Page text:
Saturday, February 6, 2016

Bees in Winter

Recently, I have met a few people who also suffer from chronic migraines and, as expected, most of us have tried the same meds, the same treatments, and have experienced similar side effects and confronted the same judgements. It's nice to talk to people who get it, so to speak. But, at the same time, it is a little disheartening when you are confronted with the fact that very little advancements have been made in the last several years in the study or treatment of migraines. Also, we still have a lot of work to do to educate non migraine sufferers on the fact that a migraine is NOT "just a headache."
In Indiana, this year, we have had virtually no Winter. It has been unseasonably mild. Furthermore, the weather has been increasingly erratic--40's and raining one day, 20 degrees and windy the next. Basically, a nightmare for the migraine sufferer. And, the bees, the bees continue to come and mark the pain.
One thing that has helped me lately is essential oils. After doing some extensive research, I put together a blend of essential oils that I call "Migraine Soother." I put the mixture in a roller bottle & apply directly to my forehead & temples when the migraine strikes. It doesn't get rid of the pain, but it definitely takes the edge off a bit, makes the pain a little less acute. More on this & where you can get some later.

Wishing you all more pain-free days & sleep-filled nights.

Wednesday, February 11, 2015

Spread the Word!

Order this awesome t-shirt and stop the spread of the lie that migraines are just bad headaches!

Thursday, January 8, 2015

Asleep at the Wheel

Recently, I was driving my daughter to the dentist one morning after having just dropped my other three children at the bus stop, when I nodded off at the wheel. I, unknowingly drove right through an intersection, luckily the light was green! Then, my truck slammed into a curb, at which point I bolted awake and steered the truck into an adjacent McDonald's parking lot to inspect the damage. Both tires on the passenger side were destroyed, as well as, the rims. All in all, this momentary slip of consciousness cost me about $680. It could have cost me a lot more. I shudder at the more awful ways this could have gone done. What if the light had been red? What if I had drifted the opposite way into oncoming traffic? What if...?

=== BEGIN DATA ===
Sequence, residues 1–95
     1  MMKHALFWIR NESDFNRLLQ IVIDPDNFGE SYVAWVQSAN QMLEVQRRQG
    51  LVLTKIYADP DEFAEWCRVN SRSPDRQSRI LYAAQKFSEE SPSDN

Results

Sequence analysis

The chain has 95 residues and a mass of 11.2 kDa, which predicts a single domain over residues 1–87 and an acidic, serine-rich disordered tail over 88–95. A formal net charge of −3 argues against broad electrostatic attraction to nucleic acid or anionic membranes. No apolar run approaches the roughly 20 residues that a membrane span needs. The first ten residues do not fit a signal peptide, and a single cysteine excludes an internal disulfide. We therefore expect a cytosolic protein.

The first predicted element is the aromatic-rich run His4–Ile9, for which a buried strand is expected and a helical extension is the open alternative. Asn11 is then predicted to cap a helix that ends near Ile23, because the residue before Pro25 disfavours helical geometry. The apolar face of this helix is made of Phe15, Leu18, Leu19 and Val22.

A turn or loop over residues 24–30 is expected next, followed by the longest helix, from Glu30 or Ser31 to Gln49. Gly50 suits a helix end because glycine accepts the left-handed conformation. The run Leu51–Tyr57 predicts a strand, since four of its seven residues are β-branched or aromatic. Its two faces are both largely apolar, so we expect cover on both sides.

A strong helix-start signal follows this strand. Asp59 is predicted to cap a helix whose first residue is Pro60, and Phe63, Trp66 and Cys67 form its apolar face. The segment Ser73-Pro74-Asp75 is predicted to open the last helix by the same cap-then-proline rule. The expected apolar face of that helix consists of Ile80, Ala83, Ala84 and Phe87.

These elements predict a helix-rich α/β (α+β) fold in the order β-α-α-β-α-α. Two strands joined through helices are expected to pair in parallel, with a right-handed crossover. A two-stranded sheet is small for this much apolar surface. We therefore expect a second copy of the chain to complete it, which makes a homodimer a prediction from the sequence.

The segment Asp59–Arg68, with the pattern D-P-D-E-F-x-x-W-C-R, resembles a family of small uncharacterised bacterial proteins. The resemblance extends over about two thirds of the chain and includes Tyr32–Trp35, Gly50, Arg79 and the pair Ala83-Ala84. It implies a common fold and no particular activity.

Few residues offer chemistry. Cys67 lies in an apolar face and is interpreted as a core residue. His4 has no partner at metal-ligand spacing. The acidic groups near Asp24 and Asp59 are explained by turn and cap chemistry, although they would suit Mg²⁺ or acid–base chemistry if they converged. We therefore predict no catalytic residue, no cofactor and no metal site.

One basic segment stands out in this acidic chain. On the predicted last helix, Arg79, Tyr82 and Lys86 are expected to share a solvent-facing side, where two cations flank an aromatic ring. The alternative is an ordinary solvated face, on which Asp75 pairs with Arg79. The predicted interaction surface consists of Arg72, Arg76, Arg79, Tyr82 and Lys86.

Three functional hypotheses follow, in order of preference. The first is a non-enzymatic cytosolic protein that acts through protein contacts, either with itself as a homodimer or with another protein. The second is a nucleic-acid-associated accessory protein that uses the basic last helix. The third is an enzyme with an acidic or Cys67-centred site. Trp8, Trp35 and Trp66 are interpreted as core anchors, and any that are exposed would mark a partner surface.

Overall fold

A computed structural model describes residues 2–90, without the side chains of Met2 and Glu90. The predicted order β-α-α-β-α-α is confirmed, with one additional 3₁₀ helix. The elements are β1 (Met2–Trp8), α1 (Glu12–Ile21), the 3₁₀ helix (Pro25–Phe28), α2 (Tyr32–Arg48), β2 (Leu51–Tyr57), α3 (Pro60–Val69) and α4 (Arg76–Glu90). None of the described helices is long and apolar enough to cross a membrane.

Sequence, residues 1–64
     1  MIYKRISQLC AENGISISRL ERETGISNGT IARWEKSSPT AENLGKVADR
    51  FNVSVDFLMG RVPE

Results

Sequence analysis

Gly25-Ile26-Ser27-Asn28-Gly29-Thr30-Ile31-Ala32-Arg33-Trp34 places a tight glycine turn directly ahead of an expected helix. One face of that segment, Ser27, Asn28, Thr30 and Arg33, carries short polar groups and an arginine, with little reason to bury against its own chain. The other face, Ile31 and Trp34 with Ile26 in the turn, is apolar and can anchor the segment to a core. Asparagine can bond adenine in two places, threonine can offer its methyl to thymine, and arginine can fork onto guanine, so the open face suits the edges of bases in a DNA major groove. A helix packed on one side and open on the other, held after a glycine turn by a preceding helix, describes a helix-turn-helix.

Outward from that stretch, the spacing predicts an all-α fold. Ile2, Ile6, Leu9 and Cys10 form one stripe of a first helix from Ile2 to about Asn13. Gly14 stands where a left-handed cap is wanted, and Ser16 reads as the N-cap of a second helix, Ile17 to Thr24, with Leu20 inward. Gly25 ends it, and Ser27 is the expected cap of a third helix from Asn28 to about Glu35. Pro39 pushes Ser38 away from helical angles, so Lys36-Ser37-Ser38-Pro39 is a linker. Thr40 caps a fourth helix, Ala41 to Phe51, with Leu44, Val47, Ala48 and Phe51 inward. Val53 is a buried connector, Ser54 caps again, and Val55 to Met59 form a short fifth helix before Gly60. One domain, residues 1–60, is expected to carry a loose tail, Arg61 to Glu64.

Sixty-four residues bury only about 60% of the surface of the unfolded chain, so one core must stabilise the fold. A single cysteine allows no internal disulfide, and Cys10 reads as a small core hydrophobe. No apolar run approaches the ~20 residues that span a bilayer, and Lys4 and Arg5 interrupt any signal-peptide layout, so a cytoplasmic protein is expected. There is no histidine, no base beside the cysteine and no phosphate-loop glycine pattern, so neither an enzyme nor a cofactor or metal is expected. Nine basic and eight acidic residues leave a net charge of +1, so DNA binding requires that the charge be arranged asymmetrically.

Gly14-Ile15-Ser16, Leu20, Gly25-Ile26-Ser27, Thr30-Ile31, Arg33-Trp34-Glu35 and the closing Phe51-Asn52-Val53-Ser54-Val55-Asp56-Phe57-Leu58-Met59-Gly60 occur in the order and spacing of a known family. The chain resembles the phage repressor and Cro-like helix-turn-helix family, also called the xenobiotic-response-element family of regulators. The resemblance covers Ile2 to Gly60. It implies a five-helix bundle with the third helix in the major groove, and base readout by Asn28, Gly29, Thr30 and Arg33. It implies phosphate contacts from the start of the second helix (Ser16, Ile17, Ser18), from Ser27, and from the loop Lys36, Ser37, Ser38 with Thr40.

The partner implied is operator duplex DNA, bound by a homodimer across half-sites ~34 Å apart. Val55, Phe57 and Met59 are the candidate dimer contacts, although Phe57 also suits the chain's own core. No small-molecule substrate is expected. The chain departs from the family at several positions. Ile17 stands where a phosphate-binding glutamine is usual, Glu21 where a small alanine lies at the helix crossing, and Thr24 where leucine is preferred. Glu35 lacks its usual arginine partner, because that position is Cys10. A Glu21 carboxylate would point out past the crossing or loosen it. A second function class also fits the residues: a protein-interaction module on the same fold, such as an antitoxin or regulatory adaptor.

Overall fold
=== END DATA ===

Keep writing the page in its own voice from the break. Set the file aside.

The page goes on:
The fact is that the medicines that I take to treat and prevent my chronic migraines make me sleepy. What do I do--stop driving? Maybe.

Sunday, November 30, 2014

Really? Still...

I have been getting migraines since I was 14 years old. As I got older, they got worse. In may early thirties, they got so bad that I had to quit working. I was a high school teacher--as job I loved. It killed me to have to give my career up. Pretty much everyone who knows me, knows this about me. Certainly my family knows this, And, yet, when I have to cancel an engagement or I tell someone that I know that I cannot attend their dinner or the movie or whatever, I still get the judgement. I still get the audible sigh and the forced "get better." People still get pissy and judgey. It is extremely irritating, disheartening, demeaning, and downright rude! If I was blind or was in a wheel chair or suffered from multiple sclerosis or cerebral palsy, no one would blink twice if I canceled or didn't show up. Shit! If I said I had the flu, no one would question my absence or judge me. So, how does the fact that my particular ailment, my disability, is chronic migraines, somehow give people license to judge me?

Monday, November 17, 2014

Unexpected Side Effects